MD News- Chattanooga, TN

A study by Johns Hopkins University researchers published in the Annals of Emergency Medicine found that at least 154 shootings took place at hospitals in the United States between 2000 and 2011. While they are comparatively rare, hospital shootings, such as fatal incidents in early 2015 at Brigham and Women’s Hospital in Boston and a Veterans Affairs clinic in El Paso, Texas, attract significant public attention. That puts facilities under pressure to devise policies and procedures that have the best chance of keeping patients and staff safe. MD News asked three hospital security insiders to share their top tips for increasing security at healthcare facilities. Joseph A. Hendry Jr., CLEE, Lieutenant with the Kent State University Police Department in Ohio: “Having armed security is good. Ensuring those people are trained is even better. Lots of security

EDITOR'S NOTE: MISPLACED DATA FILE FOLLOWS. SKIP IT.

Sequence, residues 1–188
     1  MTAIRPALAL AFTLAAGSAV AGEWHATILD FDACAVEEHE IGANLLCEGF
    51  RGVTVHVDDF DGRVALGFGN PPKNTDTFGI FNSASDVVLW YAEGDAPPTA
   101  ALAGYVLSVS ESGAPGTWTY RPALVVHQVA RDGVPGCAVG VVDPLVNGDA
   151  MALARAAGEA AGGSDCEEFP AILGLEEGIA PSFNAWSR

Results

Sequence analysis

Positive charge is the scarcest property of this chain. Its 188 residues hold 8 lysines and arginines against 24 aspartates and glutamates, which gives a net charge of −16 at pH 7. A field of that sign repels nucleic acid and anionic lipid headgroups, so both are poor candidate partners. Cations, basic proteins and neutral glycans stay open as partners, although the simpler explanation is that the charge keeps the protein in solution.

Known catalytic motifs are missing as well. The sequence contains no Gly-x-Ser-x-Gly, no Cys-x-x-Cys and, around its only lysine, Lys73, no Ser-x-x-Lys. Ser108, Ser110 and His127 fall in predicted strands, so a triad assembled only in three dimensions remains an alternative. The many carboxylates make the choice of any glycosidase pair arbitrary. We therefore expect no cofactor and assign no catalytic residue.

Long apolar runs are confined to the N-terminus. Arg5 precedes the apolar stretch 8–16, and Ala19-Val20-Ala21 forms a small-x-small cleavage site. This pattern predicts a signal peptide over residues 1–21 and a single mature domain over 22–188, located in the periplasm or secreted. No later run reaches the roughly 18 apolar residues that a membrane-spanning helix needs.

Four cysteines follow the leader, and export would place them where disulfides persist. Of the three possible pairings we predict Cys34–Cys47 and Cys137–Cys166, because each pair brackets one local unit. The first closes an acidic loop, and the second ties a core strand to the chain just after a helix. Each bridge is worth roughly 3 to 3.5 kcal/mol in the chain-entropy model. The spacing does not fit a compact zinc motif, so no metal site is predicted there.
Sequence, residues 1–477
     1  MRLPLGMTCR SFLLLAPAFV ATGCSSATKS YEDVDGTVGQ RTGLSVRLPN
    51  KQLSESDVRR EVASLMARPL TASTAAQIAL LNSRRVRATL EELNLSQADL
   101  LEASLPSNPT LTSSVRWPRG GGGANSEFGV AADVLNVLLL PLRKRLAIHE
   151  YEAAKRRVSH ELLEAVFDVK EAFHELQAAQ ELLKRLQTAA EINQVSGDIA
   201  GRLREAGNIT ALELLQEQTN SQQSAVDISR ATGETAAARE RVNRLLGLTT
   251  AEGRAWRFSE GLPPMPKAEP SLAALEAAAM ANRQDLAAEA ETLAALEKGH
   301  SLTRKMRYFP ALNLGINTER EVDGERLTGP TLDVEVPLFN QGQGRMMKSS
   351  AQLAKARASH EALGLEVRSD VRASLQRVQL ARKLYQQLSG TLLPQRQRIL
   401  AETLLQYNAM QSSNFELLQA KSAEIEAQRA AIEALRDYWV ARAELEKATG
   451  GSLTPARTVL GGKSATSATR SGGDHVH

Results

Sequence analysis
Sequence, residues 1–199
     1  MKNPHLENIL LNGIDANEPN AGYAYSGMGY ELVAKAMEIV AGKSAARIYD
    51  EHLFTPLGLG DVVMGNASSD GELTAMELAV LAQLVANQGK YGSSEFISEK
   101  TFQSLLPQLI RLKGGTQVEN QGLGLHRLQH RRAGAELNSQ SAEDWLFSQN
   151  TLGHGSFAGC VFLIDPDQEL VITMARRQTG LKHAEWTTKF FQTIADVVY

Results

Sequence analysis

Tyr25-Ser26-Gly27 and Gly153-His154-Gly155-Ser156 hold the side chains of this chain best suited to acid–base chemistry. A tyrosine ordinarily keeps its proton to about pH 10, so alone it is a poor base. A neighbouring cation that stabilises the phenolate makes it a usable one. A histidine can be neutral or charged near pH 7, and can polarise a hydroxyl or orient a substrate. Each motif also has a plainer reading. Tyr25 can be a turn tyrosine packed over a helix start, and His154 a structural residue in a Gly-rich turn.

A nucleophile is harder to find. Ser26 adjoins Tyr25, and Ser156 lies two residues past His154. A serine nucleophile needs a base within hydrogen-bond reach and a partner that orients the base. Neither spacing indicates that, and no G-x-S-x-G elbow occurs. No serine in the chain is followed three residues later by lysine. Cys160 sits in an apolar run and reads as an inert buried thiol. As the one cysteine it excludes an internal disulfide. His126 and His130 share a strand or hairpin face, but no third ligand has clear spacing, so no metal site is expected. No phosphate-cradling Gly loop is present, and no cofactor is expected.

[fusion_personnel] carry a gun and that’s about it; they don’t receive a lot of training. “The medical staff needs to go through training and then apply those concepts to where they work in the hospital: ‘Which rooms are appropriate for lockdown? What do we have to barricade with? How do we evacuate if we can?’ You will get more bang for your buck from training your employees than you ever will from physical security.” Read more